Many people think of climate change as something happening in the atmosphere, but a lot of the most important changes are taking place under the ocean.
In fact, up to one-third of the greenhouse gases humans release, and up to 90 percent of the global warming caused by those gases, ends up sunken in the sea. That has a lot of scary consequences: A rising sea level threatens coastal communities; rising seawater acidity kills off coral and shellfish; and changing conditions are forcing dozens of species, from whales to puffins, into unfamiliar regions of the globe. We’ve even got cannibal lobsters, for crying out loud.
Those impacts can also devastate vital US industries, as a peer-reviewed study published today in Nature illustrates. The research found that warming waters are to blame for a recent collapse of the cod fishery in New England. Although a smaller industry than major commercial fish like salmon and mackerel, cod, commonly used for fish sticks and other processed foods, is a multimillion-dollar business in New England.
But the fish have become increasingly rare. Last year, federal regulators slapped tight limits on cod fishing after they discovered that the population was at only 4 percent of the level needed to be sustainable. That was the lowest point in a nosedive that has played out over the last decade. In 2014, the commercial catch of cod in New England—about 5 million pounds—was 67 percent less than it was in 2004; the net value of the fishery was correspondingly cut by more than half, to about $9.3 million.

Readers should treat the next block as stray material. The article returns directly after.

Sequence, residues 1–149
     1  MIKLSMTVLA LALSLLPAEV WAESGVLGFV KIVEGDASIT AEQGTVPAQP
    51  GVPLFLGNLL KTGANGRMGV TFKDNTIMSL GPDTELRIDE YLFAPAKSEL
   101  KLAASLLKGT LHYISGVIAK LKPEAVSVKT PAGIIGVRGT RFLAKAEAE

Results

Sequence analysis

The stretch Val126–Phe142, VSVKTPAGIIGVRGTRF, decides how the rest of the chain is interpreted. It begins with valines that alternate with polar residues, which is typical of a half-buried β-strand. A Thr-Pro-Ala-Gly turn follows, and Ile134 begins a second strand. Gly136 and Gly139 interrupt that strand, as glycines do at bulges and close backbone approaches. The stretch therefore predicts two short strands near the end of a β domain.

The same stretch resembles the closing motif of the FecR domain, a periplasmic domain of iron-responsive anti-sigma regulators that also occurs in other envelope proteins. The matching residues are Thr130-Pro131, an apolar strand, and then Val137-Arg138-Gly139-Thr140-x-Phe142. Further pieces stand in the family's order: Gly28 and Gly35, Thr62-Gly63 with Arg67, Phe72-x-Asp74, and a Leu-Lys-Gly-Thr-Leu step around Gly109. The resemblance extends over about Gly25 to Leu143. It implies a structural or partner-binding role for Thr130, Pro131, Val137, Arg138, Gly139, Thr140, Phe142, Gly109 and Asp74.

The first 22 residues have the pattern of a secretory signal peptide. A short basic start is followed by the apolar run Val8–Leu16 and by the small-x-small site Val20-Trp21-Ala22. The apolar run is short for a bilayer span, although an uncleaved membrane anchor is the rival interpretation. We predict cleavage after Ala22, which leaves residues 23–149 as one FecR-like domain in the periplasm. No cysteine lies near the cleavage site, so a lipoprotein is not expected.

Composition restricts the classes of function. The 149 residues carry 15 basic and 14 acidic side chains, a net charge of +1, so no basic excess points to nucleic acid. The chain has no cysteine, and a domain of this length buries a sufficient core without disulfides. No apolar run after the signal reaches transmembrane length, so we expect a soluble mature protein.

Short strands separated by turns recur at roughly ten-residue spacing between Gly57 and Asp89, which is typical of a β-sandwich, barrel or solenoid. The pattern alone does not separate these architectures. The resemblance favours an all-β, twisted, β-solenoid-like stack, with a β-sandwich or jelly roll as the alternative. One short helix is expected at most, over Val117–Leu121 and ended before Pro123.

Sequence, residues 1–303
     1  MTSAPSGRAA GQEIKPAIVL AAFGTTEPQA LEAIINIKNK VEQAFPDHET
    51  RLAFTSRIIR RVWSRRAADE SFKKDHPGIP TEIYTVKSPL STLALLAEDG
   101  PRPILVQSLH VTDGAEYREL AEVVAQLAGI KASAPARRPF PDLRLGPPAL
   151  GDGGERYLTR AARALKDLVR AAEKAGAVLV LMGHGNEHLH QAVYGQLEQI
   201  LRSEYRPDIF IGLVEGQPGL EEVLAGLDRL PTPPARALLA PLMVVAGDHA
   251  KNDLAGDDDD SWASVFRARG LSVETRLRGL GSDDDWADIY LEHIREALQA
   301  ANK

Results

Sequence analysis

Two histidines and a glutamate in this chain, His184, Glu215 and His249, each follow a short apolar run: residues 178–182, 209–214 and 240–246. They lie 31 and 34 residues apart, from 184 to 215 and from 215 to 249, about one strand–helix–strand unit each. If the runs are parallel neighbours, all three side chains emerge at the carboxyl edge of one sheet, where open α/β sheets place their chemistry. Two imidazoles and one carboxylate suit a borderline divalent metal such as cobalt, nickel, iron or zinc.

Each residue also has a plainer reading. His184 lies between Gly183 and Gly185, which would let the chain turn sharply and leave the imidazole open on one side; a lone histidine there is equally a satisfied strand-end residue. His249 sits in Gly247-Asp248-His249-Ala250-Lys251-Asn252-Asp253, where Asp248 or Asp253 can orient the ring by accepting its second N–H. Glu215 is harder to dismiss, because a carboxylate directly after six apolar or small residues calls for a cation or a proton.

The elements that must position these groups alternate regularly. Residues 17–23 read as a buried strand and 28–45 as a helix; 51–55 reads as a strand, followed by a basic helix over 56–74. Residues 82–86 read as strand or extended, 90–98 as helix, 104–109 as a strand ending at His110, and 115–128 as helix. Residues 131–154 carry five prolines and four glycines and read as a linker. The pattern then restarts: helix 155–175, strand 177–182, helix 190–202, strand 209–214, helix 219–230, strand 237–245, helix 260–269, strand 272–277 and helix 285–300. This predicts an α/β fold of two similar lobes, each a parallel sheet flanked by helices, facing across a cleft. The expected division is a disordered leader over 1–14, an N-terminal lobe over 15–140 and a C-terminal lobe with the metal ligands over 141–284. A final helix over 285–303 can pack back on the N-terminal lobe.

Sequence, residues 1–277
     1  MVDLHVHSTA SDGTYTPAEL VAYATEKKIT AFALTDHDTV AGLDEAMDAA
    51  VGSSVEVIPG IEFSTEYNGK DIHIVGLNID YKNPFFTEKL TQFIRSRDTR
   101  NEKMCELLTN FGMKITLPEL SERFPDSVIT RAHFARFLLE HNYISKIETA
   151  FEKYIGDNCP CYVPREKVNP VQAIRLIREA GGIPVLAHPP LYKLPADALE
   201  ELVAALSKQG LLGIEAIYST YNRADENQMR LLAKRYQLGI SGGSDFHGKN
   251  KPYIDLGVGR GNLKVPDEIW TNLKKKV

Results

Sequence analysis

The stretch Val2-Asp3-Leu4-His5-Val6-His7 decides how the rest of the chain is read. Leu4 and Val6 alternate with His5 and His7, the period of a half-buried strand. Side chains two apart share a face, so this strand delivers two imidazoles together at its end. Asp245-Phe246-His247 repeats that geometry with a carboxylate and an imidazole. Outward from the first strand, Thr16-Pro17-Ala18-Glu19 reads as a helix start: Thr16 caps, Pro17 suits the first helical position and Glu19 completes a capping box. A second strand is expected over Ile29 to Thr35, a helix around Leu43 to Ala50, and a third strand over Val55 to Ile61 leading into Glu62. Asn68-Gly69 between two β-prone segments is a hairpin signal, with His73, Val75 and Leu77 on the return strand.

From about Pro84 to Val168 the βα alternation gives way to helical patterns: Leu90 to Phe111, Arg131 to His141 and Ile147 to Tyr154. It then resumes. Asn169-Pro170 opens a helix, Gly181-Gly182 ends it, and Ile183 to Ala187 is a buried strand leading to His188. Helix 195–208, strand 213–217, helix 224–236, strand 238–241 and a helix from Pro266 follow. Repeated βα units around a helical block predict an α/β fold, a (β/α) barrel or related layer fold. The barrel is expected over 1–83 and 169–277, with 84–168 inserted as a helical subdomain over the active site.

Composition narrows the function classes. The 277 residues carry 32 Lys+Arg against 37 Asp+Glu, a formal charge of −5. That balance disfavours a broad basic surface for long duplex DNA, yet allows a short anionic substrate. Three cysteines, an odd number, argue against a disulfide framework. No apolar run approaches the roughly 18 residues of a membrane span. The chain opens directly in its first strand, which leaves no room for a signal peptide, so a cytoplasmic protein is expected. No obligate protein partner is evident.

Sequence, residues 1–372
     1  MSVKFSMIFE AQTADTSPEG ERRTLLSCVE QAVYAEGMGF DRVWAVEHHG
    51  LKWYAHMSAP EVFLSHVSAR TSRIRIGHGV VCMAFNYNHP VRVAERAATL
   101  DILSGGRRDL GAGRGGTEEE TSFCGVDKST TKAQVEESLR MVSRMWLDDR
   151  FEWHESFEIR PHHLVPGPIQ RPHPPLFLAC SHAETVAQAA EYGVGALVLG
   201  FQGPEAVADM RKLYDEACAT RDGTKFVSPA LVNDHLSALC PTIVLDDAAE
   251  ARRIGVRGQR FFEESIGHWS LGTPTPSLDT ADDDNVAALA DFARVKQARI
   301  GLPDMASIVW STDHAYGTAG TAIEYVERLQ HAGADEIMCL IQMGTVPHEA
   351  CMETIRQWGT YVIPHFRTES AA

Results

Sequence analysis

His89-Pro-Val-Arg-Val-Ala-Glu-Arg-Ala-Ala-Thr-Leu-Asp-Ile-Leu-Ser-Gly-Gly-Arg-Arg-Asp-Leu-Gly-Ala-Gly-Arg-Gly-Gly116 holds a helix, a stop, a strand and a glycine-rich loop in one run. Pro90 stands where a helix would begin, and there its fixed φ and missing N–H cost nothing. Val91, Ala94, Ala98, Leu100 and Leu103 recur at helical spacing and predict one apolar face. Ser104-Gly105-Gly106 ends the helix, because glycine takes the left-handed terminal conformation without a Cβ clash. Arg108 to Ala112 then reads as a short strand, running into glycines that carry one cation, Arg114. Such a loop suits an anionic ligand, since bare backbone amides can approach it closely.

Researchers at the Gulf of Maine Research Institute wanted to know whether climate change played a role in that collapse. Indeed, they found that sea surface temperatures in the Gulf of Maine have risen 99 percent faster than those in the rest of the ocean, increasing especially quickly over the same decade-long decline of the cod fishery. The correlation is clear when you look at the two trend lines side by side, as in this chart from the study:
Higher temperatures make it harder for the fish to metabolize food, leaving them with less energy, especially at their prime reproductive age of about four years. That leads to fewer fish being born. Those that are born may have a harder time finding food, as the plankton they survive on move into deeper water in search of cooler temperatures. Deep water is home to more cod predators.
These problems have all been compounded by a lack of climate-savvy policy by fishing officials, the study found. Because the officials have largely overlooked the impact of ocean warming, they’ve consistently set quotas for commercial fishers far too high, giving the cod population no opportunity to rebound even in cooler years. In other words, overfishing has been rampant even when the overall catch comes in below the legally prescribed limit.
For that reason, the key solution that the researchers advocate is better integration of climate modeling in decisions about where, when, and how cod fishing should be allowed. In Canada, extreme limitations on cod fishing seem to have been remarkably successful in revitalizing the population. Still, those management choices aren’t getting any easier to make, as warming continues to rise; the only true fix for New England’s fishing industry is to slow the warming. Bear that in mind the next time you hear a politician complain about job-killing climate action policies.